Let July Just Be July

I heard a song recently on an Instagram Reel. Or maybe it was that Tik Tok thing. Yep. I’m hip. The lyrics were simple, yet for me, so profound. “We can let July just be July.” Music has a way of seeing into our souls.

I love the summer. I am, after all, a teacher, so perhaps I have some bias on my end. For me, July is my favorite month. It feels like a Saturday during the weekend. With August giving off more of that Sunday vibe.

July is a time where I can kick off my shoes and let my shoulders fall. It is the month where I can exhale in the knowing that I can simply just be. The beach. The mountains. Pickleball. 😂 There is no agenda and there are no alarm clocks.  

July has always been my favorite month. 

When my dad died on July 2nd, July was no longer just July. July now was sprinkled with a grieving heart and a sorrow that could not be brushed under the rug. On July 2nd, the memories would flood my mind of the day my biggest fan left the stadium. 

My mom and my brother followed my dad just a few short years later in different months. However, both of their birthdays are in July. So, July began to become everything it had never been to me. Heavy and just plain awful. July became that month that could not end fast enough. July had lost its sparkle. 

I dreaded July. And the buildup to all of the anniversaries. It felt like a month that was impossible to navigate. And for those that have experienced grief, you know there is no GPS system or playbook for when it comes, how it comes or how it will behave when it arrives. It is like that guest on the EVITE that responds “Maybe.” It might show up, it might not. Perhaps unannounced and it sure won’t matter if your place is clean or a mess. You just cannot prepare. 

I guess one could say that, for me, the sun had been knocked out of the sky. The ocean became an empty and dry crater of a space. The mountains that I had loved, crumbled to the ground. And I stood there staring at nothingness. 

My July was no longer July. At least it was no longer the July I had once known. 

July now became a month in which I would put tremendous pressure on myself. I need to honor everyone somehow. Right? That is what the grieving do. I posted pictures, I did walks and donated and some years I wept. 

Then one year I missed the July 2nd date altogether. I was in a plane and because of the length of the flight and the time difference, somehow July 2nd disappeared into thin air. 

That year I had no choice but to let the expectations around what I should and shouldn’t do on these anniversaries go. It felt weird and it felt freeing all at the same time.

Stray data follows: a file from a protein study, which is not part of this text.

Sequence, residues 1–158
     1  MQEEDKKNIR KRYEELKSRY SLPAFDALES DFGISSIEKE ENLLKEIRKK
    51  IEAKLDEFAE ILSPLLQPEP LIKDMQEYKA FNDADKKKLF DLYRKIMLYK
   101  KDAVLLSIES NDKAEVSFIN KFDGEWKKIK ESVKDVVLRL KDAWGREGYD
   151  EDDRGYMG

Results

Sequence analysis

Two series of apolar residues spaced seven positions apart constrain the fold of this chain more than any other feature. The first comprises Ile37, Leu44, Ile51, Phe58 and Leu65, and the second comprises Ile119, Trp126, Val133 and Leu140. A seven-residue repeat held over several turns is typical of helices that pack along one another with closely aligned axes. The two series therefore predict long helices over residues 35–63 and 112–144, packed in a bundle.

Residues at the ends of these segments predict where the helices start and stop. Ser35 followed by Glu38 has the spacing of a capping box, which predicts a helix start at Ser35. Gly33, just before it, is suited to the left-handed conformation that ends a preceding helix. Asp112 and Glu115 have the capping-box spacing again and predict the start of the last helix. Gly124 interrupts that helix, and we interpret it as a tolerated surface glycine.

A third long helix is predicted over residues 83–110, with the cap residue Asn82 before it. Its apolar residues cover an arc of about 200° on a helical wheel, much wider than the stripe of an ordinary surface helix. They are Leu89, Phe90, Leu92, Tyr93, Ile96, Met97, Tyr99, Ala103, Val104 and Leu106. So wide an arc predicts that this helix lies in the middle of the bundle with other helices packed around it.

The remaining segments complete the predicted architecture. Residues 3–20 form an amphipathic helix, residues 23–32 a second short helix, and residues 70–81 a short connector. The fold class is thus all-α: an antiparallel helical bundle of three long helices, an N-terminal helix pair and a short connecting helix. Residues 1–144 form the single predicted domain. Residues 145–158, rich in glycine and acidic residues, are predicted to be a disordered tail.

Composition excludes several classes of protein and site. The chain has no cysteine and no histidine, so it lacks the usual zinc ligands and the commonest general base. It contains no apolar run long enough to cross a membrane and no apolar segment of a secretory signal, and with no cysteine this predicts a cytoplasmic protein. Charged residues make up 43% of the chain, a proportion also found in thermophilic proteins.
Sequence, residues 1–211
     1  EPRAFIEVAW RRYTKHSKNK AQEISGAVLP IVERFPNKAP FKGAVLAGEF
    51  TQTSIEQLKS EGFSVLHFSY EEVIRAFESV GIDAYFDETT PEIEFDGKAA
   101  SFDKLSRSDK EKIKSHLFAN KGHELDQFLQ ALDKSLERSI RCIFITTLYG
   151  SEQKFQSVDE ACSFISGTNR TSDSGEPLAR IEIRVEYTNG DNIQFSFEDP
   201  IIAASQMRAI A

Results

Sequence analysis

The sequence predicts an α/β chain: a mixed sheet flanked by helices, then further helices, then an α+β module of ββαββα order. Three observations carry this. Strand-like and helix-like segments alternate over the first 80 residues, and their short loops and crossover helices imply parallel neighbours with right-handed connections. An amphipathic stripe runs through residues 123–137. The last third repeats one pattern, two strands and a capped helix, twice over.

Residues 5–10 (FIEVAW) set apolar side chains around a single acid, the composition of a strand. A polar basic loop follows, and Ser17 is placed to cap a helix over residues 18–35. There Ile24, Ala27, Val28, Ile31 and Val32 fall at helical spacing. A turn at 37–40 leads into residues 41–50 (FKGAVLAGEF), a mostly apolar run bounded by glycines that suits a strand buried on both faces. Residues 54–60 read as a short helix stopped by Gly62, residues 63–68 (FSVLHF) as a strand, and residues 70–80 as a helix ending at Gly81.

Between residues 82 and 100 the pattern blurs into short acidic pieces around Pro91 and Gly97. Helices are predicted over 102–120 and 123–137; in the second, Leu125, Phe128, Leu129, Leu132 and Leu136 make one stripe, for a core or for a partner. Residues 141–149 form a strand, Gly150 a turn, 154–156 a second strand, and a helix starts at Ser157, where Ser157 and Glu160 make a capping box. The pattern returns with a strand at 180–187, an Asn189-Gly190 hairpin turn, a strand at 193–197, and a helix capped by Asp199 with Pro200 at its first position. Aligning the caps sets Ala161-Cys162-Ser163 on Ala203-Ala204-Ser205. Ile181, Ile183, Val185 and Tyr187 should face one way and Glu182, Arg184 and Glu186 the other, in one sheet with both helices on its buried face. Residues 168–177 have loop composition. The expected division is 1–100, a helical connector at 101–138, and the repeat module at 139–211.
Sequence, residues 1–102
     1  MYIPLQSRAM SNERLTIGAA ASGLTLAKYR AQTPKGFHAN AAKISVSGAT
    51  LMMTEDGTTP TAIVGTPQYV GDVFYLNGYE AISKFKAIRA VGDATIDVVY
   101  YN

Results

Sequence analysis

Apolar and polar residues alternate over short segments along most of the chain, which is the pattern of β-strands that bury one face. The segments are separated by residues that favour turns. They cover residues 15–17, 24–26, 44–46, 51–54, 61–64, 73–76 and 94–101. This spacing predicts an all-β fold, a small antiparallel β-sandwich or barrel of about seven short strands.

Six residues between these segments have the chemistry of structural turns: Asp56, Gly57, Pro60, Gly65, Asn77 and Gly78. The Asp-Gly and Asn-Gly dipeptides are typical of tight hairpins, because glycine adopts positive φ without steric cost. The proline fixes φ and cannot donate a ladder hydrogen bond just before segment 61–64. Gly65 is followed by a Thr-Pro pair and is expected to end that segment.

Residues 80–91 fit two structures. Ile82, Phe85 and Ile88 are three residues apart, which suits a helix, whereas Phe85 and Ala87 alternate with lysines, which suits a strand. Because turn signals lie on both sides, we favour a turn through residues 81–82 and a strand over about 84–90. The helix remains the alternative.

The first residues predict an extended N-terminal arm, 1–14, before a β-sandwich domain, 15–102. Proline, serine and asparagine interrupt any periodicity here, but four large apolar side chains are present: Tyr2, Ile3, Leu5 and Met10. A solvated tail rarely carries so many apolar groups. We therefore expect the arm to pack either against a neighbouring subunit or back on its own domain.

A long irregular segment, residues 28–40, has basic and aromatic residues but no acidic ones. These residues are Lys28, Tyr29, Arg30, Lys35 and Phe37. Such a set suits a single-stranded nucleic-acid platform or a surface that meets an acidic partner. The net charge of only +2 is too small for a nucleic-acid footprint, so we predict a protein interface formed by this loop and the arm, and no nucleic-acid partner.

Then something interesting began to happen. I started to attach myself to unavailable people. Mostly love interests. After about the 7th broken heart, my detective skills began to notice that these specific unavailable people presented themselves to me in July. No shit. Coincidence? Nah.

Maybe it was living in fantasy to try and protect my heart from true intimacy. Perhaps it was searching for a story to confirm my limiting and self-sabotaging belief of “I am going to be alone forever. Everyone leaves me. I am not good enough.” No matter what the root of it was, the one thing that I knew was that July SUCKED. 

I had forgotten what it was like to feel anything else. Anything else except pain did not seem to fit. In a weird way, the feeling of pain and sadness was comfortable and at the same time, I did not like how it made me feel. My grieving brain had become my security blanket. Afterall, who would I be without it? 

Around the third year of my sobriety, a friend that knew my story and how I would attach to these unavailable people, said to me, “You should just get out of the country in July.”  Although she was probably kidding, I took her up on it. 

The next July I went to Bali. Then I climbed Mt. Kilimanjaro. Then I headed to Peru. Then I was off to Iceland. 

Each experience was exactly what the doctor never ordered. Even though grief itself can be universal, how people deal with it is individual. 

I had found that travel, seeing and doing new things, meeting people, experiencing a sense of wonder and awe in nature’s magnificent existence was the prescription I needed to feel alive again. 

I wasn’t running away from July. I was simply redefining and rebuilding July.